Draft Ministerial Declaration Highlights Environmentally Sustainable Trade | News | SDG Knowledge Center
A large group of members of the World Trade Organization (WTO) released a draft ministerial declaration on trade and sustainability on December 15. The text is the result of the Structured Discussions on Trade and Environmental Sustainability (TESSD), launched in November 2020 during WTO Trade and Environment Week, where 53 WTO members said they were planning “To collaborate, prioritize and advance discussions on trade and environmental sustainability”.
the launch of the declaration was delayed after the postponement of the Twelfth WTO Ministerial Conference (MC 12), which was due to start on November 30, due to travel restrictions linked to the COVID-19 pandemic. It is one of three ministerial statements launched on December 15, along with statements on plastic pollution and trade in environmentally friendly plastics and reform of fossil fuel subsidies.
the draft ministerial declaration (WT / MIN (21) / 6) recognizes “sustainable development and the protection and preservation of the environment” as “fundamental objectives of the WTO”, and recognizes the role of international trade and trade policy for supporting environmental and climate goals and promoting more sustainable consumption and production to help achieve the SDGs. It also notes the importance of Multilateral Environmental Agreements (MEAs) in the pursuit of these goals, including the UNFCCC and the Paris Agreement on Climate Change, the United Nations Convention to Combat Desertification (UNCCD ), the Convention on International Trade in Endangered Species of Wild Fauna and Flora (CITES) and the Convention on Biological Diversity (CBD).
The document identifies “environmental sustainability as a central issue for the WTO agenda”. He describes the initiative as complementary to existing WTO processes, noting the work carried out in the WTO Committee on Trade and Environment (CTE) and in other WTO bodies “where it is raise environmental issues ”, and reaffirms that structured discussions“ are not intended to duplicate other initiatives at the WTO ”and elsewhere.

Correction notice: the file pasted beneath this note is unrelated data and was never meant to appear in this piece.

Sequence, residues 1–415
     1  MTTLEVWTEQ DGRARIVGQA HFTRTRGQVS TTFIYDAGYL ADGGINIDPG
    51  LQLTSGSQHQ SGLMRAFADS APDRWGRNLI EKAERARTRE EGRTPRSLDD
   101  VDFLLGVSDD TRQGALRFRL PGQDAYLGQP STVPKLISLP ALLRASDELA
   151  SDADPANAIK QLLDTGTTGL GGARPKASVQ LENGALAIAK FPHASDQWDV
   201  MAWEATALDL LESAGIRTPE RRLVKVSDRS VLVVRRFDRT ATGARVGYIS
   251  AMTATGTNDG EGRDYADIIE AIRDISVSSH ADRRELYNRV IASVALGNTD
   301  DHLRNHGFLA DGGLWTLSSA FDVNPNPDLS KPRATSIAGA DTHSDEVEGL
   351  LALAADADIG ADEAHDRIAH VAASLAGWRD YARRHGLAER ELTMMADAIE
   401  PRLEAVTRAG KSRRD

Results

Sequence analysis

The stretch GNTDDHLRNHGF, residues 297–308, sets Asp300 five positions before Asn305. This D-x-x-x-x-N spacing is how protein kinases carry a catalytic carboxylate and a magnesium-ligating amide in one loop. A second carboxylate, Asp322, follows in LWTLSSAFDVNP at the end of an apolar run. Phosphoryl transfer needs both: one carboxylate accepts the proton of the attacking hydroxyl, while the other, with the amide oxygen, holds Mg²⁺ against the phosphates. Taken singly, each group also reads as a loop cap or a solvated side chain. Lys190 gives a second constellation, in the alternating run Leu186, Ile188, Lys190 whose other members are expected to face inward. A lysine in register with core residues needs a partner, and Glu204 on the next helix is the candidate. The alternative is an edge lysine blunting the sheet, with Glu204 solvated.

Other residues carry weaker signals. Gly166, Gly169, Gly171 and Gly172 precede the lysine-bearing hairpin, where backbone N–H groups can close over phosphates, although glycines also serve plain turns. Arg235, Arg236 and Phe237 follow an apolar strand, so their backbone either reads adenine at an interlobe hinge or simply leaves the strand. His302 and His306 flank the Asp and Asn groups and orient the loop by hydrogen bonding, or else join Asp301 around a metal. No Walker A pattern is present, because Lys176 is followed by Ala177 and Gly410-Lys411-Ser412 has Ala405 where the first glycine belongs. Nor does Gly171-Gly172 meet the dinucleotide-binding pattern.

The draft declaration highlights scientific and evidence-based contributions to TESDD by stakeholders and reiterates the commitment to continue dialogue with stakeholders while improving transparency. It also notes recent and ongoing efforts by WTO members to address through dialogue and information sharing issues “where trade, environmental and climate policies intersect”, such as, inter alia, the economy. circular, natural disasters, climate change mitigation and adaptation, fossil fuels subsidy reform, plastic pollution and the conservation and sustainable use of biodiversity.
In the operational part of the communiqué, the ministers agree to:
- Intensify work to identify concrete actions in areas of common interest “to broaden opportunities for ecologically sustainable trade”;
- Initiate “dedicated discussions” to explore ways in which trade-related climate action can contribute to climate and environmental goals;
- Explore opportunities and approaches to facilitate trade in environmental goods and services in order to achieve environmental and climate goals;
- Compile best practices and explore “possibilities for voluntary actions and partnerships” to ensure that trade and trade policies contribute to: a more resource efficient circular economy; sustainable supply chains; and better access to environmental goods and services;
- Identify challenges and opportunities for sustainable trade, including for developing and least developed countries (LDCs), and encourage capacity building and technical assistance on trade and environmental sustainability, such as through the Aid for Trade bias; and
- Support discussions and the role of the WTO in addressing the “environmental and trade effects of relevant subsidies”.
In addition, ministers adopt a TESSD roadmap for 2022, with progress to be reviewed after one year. The roadmap, annexed to the draft declaration, provides a timeline from February to December 2022, which envisages the adoption and implementation of a TESSD work plan based on the operational part of the MC12 declaration, with an event high level inventory that will be organized upon completion.
The draft Ministerial Declaration was released on November 15, 2021 at the request of the following 57 WTO Members: Albania; Australia; Austria; Belgium; Bulgaria; Canada; Chad; Chile; China; Colombia; Costa Rica; Croatia; Cyprus; the Czech Republic; Denmark; Estonia; the EU; Fiji; Finland; France; the Gambia; Germany; Greece; Hungary; Iceland; Ireland; Israel; Italy; Japan; Kazakhstan; the Republic of Korea; Latvia; Liechtenstein; Lithuania; Luxembourg; Maldives; Malta; Mexico; Moldova; Montenegro; the Netherlands; New Zealand; North Macedonia; Norway; Poland; Portugal; Romania; Senegal; Singapore; Slovakia; Slovenia; Spain; Sweden; Switzerland; Separate customs territory of Taiwan, Penghu, Kinmen and Matsu; Great Britain; and the United States.